According to NFL Network's Aditi Kinkhabwala, Jones' deal is worth $4.4 million total with $600,000 guaranteed.
Jones has operated as Ben Roethlisberger's primary backup for the last two seasons, starting four games in that span.
"He has a very good understanding of our offense," head coach Mike Tomlin said, per Steelers.com's Teresa Varley. "He is a good communicator. It's part of the functions of being a backup quarterback, the talking of schematics and the seeing of what is on the field and the communicating of such. He has grown in a lot of ways in that area in the last several years."
Jones has made 16 total appearances for the Steelers since he was selected in the fourth round of the 2013 draft. During that brief action, he's completed 60.3 percent of his passes for 1,071 yards, seven touchdowns and six interceptions.
All told, the Steelers have gone 2-2 when Jones has trotted out under center in a starting capacity.
One of those wins came in 2016, when Jones shredded the Cleveland Browns to the tune of 277 yards and three touchdowns in a 27-24 Week 17 triumph.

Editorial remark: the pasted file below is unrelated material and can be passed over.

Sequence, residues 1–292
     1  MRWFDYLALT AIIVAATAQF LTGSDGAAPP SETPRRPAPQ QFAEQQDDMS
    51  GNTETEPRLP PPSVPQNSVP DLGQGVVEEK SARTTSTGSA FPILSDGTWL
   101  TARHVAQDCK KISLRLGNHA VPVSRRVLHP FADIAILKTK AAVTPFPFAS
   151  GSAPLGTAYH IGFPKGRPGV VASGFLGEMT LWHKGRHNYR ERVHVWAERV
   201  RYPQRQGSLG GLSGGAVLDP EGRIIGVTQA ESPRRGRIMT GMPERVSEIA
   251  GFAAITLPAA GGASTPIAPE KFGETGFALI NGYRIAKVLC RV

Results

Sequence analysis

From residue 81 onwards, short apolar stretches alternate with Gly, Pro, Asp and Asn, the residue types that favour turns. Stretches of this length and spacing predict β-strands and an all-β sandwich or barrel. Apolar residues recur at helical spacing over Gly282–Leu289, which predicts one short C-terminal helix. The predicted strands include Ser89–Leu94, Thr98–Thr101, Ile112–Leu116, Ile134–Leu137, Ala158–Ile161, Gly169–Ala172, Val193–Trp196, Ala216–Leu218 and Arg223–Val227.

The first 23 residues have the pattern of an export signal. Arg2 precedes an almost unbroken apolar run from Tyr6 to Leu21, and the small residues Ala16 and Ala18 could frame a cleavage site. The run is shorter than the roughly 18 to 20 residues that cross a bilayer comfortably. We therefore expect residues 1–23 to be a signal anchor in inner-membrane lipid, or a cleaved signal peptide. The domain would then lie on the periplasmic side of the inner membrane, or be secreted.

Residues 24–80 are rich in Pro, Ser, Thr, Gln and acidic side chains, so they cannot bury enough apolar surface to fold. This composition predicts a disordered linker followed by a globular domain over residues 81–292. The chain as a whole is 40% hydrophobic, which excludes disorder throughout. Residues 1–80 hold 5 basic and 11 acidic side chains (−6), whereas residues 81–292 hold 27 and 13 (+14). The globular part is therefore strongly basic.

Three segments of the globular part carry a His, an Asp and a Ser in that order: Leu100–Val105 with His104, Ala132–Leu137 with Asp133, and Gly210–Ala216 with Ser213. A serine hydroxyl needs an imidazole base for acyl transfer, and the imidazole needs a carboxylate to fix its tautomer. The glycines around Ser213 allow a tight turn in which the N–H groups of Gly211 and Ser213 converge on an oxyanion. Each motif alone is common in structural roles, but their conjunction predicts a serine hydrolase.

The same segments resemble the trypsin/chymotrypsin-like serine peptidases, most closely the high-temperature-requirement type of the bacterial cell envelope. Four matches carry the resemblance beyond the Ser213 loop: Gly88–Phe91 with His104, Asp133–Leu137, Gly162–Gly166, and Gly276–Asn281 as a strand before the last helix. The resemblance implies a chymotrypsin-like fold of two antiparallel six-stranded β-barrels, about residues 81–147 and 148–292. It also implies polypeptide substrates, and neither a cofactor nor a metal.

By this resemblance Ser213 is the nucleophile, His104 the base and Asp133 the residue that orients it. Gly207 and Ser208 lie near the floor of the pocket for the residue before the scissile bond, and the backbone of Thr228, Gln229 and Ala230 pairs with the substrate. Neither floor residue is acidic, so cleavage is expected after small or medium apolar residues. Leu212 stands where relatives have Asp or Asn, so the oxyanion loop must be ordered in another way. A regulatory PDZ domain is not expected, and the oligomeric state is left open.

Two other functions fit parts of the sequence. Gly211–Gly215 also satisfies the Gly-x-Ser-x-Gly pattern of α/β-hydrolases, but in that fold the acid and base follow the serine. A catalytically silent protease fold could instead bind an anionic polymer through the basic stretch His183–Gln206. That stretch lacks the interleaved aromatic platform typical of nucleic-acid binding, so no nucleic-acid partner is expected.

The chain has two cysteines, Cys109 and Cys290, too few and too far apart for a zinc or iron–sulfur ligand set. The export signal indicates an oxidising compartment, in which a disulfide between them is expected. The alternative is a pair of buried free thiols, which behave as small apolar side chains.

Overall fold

A fairly limited sample size to date suggests Jones isn't one of the NFL's most trustworthy second-string quarterbacks, but he is familiar with the Steelers' scheme and has an established rapport with the team's veteran receiving corps.
"I've been in this offense four years now, so I feel comfortable with basically everything that we’re running out there," Jones said toward the end of the 2016 season, per Steelers.com's Mike Prisuta.
Now that Jones has been retained and the No. 2 quarterback spot has been addressed, the Steelers can turn their attention to other areas of need as they seek to make modest improvements through free agency in hopes of repeating as AFC North champions.